Mr. Li, 44 years old, has emerged as a leading candidate to run a chunk of Berkshire's $100 billion portfolio, stemming from a close friendship with Charlie Munger, Berkshire's 86-year-old vice chairman. In an interview, Mr. Munger revealed that Mr. Li was likely to become one of the top Berkshire investment officials. "In my mind, it's a foregone conclusion," Mr. Munger said.The job of filling Mr. Buffett's shoes is among the most high-profile succession stories in modern corporate history. Mr. Buffett, who will turn 80 in a month, says he has no current plans to step down and will likely split his job after he leaves the company into separate CEO and investing functions. Mr. Li's emergence as a contender to oversee Berkshire investments is the first time a name has been identified to fill the investment part of Mr. Buffett's legendary role.
Friday, July 30, 2010
The usually reclusive Li Lu is suddenly in the news and this time it's the headline-grabbing kind. Wall Street Journal speculated today that, as a hedge fund manager, he is now in line to become a successor to the legendary Warren Buffett.
The paper goes on to cite Li Lu's success in introducing BYD, a Chinese battery and auto maker, to Buffett's Berkeshire Hathaway Inc., a story previously highlighted by Fortune. That investment had led to a 10-fold windfall for Li Lu's fund and Berkeshire.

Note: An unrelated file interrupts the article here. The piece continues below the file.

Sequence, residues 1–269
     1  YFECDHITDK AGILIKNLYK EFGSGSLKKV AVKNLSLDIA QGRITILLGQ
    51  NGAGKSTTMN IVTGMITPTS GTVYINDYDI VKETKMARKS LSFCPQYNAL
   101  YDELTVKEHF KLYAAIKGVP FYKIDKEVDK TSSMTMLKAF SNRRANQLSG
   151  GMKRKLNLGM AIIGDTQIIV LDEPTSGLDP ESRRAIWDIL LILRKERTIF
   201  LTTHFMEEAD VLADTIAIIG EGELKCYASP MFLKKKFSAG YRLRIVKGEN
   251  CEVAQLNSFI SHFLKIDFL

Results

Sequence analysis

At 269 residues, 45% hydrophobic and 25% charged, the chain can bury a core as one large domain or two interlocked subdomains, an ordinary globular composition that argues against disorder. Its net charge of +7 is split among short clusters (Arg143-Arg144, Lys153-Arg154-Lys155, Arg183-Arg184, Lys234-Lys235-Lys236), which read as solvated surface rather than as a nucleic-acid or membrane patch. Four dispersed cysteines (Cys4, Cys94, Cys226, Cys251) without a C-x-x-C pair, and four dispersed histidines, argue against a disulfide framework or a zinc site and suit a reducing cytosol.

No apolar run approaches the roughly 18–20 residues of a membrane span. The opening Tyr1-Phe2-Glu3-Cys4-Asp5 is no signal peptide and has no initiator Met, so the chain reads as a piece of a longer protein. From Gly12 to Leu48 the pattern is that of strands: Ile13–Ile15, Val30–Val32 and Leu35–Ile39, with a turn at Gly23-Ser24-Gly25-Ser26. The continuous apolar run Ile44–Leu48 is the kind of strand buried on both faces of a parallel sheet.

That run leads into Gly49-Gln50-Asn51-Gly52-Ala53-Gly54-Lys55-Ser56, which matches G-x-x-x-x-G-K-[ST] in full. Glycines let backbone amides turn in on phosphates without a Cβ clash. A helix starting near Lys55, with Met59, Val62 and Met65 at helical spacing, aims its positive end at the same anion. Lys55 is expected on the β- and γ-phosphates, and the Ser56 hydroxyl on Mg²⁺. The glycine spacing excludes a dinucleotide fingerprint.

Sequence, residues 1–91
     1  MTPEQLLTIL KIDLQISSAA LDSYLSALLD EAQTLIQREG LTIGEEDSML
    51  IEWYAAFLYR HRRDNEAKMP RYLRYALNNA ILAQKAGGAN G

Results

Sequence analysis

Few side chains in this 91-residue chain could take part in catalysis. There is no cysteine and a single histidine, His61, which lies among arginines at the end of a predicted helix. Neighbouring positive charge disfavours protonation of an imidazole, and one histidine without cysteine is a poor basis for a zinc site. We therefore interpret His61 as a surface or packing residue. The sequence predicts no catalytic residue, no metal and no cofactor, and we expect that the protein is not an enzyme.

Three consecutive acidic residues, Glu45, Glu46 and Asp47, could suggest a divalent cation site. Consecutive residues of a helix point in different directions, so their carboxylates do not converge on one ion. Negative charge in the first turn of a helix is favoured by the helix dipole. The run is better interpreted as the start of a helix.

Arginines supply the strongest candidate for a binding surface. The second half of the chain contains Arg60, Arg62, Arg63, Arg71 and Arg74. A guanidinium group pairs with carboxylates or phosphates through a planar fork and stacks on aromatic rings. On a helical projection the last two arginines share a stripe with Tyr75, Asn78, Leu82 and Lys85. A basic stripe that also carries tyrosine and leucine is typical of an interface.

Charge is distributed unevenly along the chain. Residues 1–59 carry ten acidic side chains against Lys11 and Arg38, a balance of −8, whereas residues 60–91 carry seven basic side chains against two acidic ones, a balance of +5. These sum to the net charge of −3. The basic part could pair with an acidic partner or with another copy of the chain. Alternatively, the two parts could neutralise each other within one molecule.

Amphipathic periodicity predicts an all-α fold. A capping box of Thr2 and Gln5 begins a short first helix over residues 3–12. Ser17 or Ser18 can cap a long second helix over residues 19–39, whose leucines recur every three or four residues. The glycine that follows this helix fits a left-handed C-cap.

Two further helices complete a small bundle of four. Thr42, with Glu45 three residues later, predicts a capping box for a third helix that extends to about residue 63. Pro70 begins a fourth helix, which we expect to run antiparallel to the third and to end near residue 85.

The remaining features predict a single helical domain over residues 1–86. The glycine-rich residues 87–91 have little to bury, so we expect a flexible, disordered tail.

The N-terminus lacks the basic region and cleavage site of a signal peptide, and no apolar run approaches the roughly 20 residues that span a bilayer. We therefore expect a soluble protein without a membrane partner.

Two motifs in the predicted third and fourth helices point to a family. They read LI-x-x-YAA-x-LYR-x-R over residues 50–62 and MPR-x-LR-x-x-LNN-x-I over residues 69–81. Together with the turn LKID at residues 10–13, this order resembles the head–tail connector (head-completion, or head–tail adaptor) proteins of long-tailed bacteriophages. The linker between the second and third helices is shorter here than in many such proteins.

Unlike Buffett himself, Li Lu has focused his investment in Asia and in technologies. Although a fugitive in exile, he is "able to travel to China on a limited basis today" and "hopes to regain full travel privileges soon," according to the Journal.
Thursday, July 29, 2010
Reuters reported today that Wuer Kaixi announced that he will try to re-enter China and is prepared to serve a prison sentence.
"I will keep trying. There will be more actions to come," Wu'er Kaixi, 42, told a news conference in Taipei, without giving specifics. "There will be elevated actions."
Like many Tiananmen student leaders, Wuer Kaixi was never allowed to visit China since his escape in 1989. Unlike other dissidents in exile, however, his parents were never permitted to travel abroad either. So, he hasn't been able to see his family for 21 years.
For the last two years in a row, Wuer Kaixi has made unsuccessful attempts to turn himself in to the Chinese authority on the dates of Tiananmen anniversaries.
He said, "I want to see my parents even if it has to be a prison visit."